Known as “the Pearl of the Occidente” for its great beauty, Guadalajara is the capital of Jalisco and one of Mexico’s largest, busiest and most interesting cities, offering visitors almost everything they could want in a trip to Mexico.
In many ways, Guadalajara is an iconic Mexican city; it’s historic, vibrant, and alive with music, festivities and colorful local charm. It’s also known for being the birthplace of both the Mexican Hat Dance, Mariachi music and tequila.
However, Guadalajara is also a complex city that draws visitors of every kind, from those looking to escape and have some fun, to those who want to experience Mexican art, architecture and history in a whole new way.
Guadalajara’s picturesque cityscape features graceful tree-lined streets, charming old neighborhoods, tranquil green parks and stunning historic buildings. The weather is pleasant year-round, with an average yearly temperature of just 67 degrees. The locals are friendly, warm and welcoming, and, while it’s always prudent to take extra safety precautions anywhere you visit, Guadalajara is generally considered a safe city to visit.
Guadalajara is a busy, bustling metropolis that’s full of life and color. Seven million people call the city home, and thousands of people visit it each year. Guadalajara serves as an economic powerhouse, not just in Mexico, but in the Americas overall. Known as the Silicon Valley of Mexico, the city has a foothold on the high electronics industries, and is home to such companies as IBM, Dell and Solectron.
Guadalajara also has a thriving tourist industry, and for good reason; there is much to see and do, and there are numerous hotels, restaurants and pubs to choose from. Whether travelers are looking for a quiet and relaxing spa getaway, or they want to be at the heart of all the action, they are spoiled for choice when it comes to lodging, dining, shopping and entertainment options.
Named “Cultural Capital of the Americas” in 2005, Guadalajara is a forward-thinking city that has made a name for itself as a cultural hub. It hosts the world’s second largest book fair, as well as Latin America’s most prestigious film and visual arts festivals. Guadalajara has produced many prominent artists, musicians and writers, and in recent years, the city has increasingly drawn in contemporary artists, musicians, fashion designers, architects and intellectuals from around the world.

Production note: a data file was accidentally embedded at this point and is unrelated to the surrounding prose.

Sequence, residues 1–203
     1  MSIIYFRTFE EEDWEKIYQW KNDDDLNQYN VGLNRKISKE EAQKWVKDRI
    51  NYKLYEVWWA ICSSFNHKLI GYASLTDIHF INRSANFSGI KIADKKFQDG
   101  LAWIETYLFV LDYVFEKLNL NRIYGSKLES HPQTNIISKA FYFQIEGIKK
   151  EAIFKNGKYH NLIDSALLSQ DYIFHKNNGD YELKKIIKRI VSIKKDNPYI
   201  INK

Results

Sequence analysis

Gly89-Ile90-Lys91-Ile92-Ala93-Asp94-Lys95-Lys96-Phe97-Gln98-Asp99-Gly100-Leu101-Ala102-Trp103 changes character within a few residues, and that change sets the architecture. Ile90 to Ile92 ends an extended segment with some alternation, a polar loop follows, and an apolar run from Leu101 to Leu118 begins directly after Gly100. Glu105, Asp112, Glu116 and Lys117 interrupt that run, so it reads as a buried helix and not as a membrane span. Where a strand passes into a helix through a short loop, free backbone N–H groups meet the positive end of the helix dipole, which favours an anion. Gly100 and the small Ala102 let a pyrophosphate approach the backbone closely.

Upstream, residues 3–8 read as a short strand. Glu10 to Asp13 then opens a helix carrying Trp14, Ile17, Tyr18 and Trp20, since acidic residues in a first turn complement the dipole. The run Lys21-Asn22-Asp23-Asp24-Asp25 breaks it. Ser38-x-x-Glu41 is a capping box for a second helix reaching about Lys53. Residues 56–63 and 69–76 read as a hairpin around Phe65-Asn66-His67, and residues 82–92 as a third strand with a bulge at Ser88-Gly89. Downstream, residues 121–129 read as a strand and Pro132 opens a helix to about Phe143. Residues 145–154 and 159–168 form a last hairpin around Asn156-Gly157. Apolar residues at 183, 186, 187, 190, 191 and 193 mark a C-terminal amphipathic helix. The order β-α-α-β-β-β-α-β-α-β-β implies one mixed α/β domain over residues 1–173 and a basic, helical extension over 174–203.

Things to Do and See
Churches and Temples
Guadalajara boasts a number of exquisitely beautiful and historic places of worship. Some must-sees include:
Templo Expiatorio: This stunning temple is designed entirely in Baroque style, and features a Gothic, Old World appeal and an amazing attention to detail. One of the design highlights is the procession of Jesus and his disciples that comes out of the clock on the hour.
Catedral: The impressive façade of this cathedral is an iconic part of Guadalajara’s architectural landscape. With its dramatic spires, majestic vaulted ceilings and intricately detailed décor, this landmark is truly worth a visit. The Catedral’s surrounding plazas are laid out in the shape of a Celtic cross, and feature a delightful assortment of shops, cafes and restaurants.
Basilica de Zapopan: Built in the 1690s, the Colonial-style Basilica de Zapopan is one of Guadalajara’s oldest structures. This church is smaller and more low-key than others in the area, but it is beautifully ornate, and is across the street from restaurants, shops and pubs.
Ruins of Teuchitlan: While far smaller than the dramatic ruins of Machu Picchu or Tulum, the Ruins of Teuchitlan are still a delight to explore. The grass-covered pyramids are a must-see. Learning the history and significance of the ruins should make any history buff happy.
Centro Cultural: A stellar example of Colonial architecture, the Centro Cultural is as beautiful as it is informative. The perfect place for a leisurely stroll, the Centro is an extensive complex featuring plazas, fountains, and historic buildings.
Museums and Galleries
Instituto Cultural Cabanas: Originally an early 19th-century orphanage, the Instituto Cultural Cabanas is a one-of-a-kind gallery in which the building is as intriguing as the artwork. This is the home of the famed Orozco murals, which are well worth seeing, and the Instituto’s courtyards also serve as a display for traveling art exhibits.
The Magic Top: This delightful children’s museum provides captivating interactive exhibits for children of all ages and interests.
Museo Regional de Guadalajara: Built in the 1600s in Spanish Colonial style, this small, yet intriguing museum once served as a house and a military command center. Today, it houses fascinating regional historical relics that date back to prehistoric times. The bottom floor is dedicated to the pre-Hispanic era, and the top floor is dedicated to exploring the history of Colonial Guadalajara.
Museo de las Artes: This well-maintained museum is built from brick in a neo-Classical style, and stands as a work of art in and of itself. The museum houses artwork from around Mexico, and features both permanent and temporary exhibits.
Bosque Colomos: Located right in the heart of the city, Bosque Colomos is the ideal family park, featuring green, shady spots for picnics, picturesque ponds, and playgrounds. Take a leisurely walk, or rent a horse for a very affordable rate.
Parque Mirador Independencia: This stunning park offers a respite from city life, with benches and cool shady spots perfectly positioned for incredible views of the Barranca de Oblatos Canyon.
Forest of the Spring: Just 45 minutes out of the city, this beautiful park offers unimpeded views of the woods and the mountains, as well as opportunities for hiking, biking and horseback riding through the woods.